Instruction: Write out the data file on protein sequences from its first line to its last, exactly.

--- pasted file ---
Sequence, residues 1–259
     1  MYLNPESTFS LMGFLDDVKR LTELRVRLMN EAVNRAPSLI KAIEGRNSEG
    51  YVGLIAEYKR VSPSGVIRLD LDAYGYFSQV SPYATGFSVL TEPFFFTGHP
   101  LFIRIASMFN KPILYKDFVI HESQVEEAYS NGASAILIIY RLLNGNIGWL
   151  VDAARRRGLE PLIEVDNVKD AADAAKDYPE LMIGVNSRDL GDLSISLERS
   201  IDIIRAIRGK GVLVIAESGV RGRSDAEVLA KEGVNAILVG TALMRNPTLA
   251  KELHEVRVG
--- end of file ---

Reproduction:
Sequence, residues 1–259
     1  MYLNPESTFS LMGFLDDVKR LTELRVRLMN EAVNRAPSLI KAIEGRNSEG
    51  YVGLIAEYKR VSPSGVIRLD LDAYGYFSQV SPYATGFSVL TEPFFFTGHP
   101  LFIRIASMFN KPILYKDFVI HESQVEEAYS NGASAILIIY RLLNGNIGWL
   151  VDAARRRGLE PLIEVDNVKD AADAAKDYPE LMIGVNSRDL GDLSISLERS
   201  IDIIRAIRGK GVLVIAESGV RGRSDAEVLA KEGVNAILVG TALMRNPTLA
   251  KELHEVRVG